You might be ‘hygge’d’ out, but Scandinavian food and drink sales are booming in the UK.
According to the Swedish Chamber of Commerce, Swedish food and drink sales in the UK have grown by 33 per cent in the last three years.
This combined with the Scandinavian concept of cosiness known as hygge seems to be fuelling a trend for Nordic cuisine in foodservice.
Andrew Ely, managing director of the Swiss bakery brand Almondy UK, said: “As awareness and demand have grown we’ve seen retailers expand their offering and a plethora of Nordic restaurants and bakeries opening across the UK.
“From Michelin-starred restaurant Aquavit to operators such as Faucet Inn introducing the Swedish concept, ‘fika’ – a social coffee break – into its pubs, bars and boutique hotels.
“The Swedish lifestyle trend ‘lagom’ – meaning ‘just the right amount’ – is hotly tipped to take over ‘hygge’ for 2017. (Read more about pubs and hygge here).
“This means Sweden will remain front of mind with consumers, as well as offer a golden opportunity for savvy caterers looking to keep their menus one-step ahead of the competition.”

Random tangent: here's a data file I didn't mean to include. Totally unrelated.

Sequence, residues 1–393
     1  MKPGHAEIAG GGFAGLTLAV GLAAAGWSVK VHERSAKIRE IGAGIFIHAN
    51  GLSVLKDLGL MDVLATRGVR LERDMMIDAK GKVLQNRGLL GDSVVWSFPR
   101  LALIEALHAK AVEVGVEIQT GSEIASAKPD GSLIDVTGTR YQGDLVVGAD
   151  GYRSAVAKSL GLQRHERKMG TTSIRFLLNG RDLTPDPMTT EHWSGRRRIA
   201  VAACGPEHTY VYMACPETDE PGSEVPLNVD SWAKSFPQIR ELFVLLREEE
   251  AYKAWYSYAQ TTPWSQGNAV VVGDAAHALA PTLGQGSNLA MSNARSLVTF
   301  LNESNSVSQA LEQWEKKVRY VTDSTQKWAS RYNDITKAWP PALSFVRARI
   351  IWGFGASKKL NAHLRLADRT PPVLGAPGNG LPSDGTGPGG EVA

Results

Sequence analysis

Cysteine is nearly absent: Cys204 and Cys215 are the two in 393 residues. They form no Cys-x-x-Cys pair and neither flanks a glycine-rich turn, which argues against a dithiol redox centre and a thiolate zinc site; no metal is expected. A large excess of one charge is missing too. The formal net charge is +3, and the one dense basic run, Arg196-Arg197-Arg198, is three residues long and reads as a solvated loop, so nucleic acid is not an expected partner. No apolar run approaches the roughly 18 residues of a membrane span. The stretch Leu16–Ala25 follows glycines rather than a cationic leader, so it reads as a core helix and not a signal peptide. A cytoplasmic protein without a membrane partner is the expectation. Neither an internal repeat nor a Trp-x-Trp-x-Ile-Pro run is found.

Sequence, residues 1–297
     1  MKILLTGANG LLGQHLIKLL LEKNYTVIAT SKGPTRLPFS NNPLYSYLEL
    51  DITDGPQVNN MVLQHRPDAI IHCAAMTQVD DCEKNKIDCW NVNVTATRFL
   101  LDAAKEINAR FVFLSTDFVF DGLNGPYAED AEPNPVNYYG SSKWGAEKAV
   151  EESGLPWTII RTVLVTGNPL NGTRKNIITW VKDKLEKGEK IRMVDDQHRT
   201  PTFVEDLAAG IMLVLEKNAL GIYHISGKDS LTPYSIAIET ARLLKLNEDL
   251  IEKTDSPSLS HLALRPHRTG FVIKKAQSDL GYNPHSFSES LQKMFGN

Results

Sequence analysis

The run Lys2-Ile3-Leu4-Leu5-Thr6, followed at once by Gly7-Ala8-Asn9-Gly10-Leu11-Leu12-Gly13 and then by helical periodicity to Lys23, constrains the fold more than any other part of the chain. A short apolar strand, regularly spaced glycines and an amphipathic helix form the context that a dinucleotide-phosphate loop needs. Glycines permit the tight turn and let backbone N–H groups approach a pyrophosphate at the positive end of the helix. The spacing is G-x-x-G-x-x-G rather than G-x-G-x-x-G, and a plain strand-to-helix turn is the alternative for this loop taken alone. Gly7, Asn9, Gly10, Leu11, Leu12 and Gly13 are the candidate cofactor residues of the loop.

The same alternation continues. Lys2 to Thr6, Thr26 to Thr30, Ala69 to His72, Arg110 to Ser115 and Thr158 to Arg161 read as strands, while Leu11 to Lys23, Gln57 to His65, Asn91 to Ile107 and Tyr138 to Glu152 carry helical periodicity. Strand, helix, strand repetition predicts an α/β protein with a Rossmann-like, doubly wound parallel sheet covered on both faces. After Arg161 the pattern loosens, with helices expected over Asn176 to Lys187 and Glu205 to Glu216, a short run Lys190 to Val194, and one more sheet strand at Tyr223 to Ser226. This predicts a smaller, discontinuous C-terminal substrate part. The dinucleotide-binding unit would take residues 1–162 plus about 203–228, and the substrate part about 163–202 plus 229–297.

Other typical Scandinavian dishes include:
Potato dumplings filled with cured pork, onions & allspice. Usually served with clarified butter and lingonberries.
2. Waffles with cloudberries and whipped cream
Cloudberries are related to raspberries and extremely popular in Sweden. They are a golden-yellowish colour and cloudberry based desserts are often chosen for special occasions.
3. Pickled herring
Originally herring was central to most Swedish food because it was so cheap. Now it is a big part of many Swedish festivals. It is often served with egg, Västerbottensost (Swedish cheese), sour cream, new potatoes, some crispbread & a glass of schnapps.
4. Kräftor med dill (crayfish with dill)
August kräftskivor (crayfish parties) are one of the highlights of the Swedish calendar. This involves drinking schnapps, beer and of course eating crayfish that are cooked in beer, sugar, salt and dill flowers.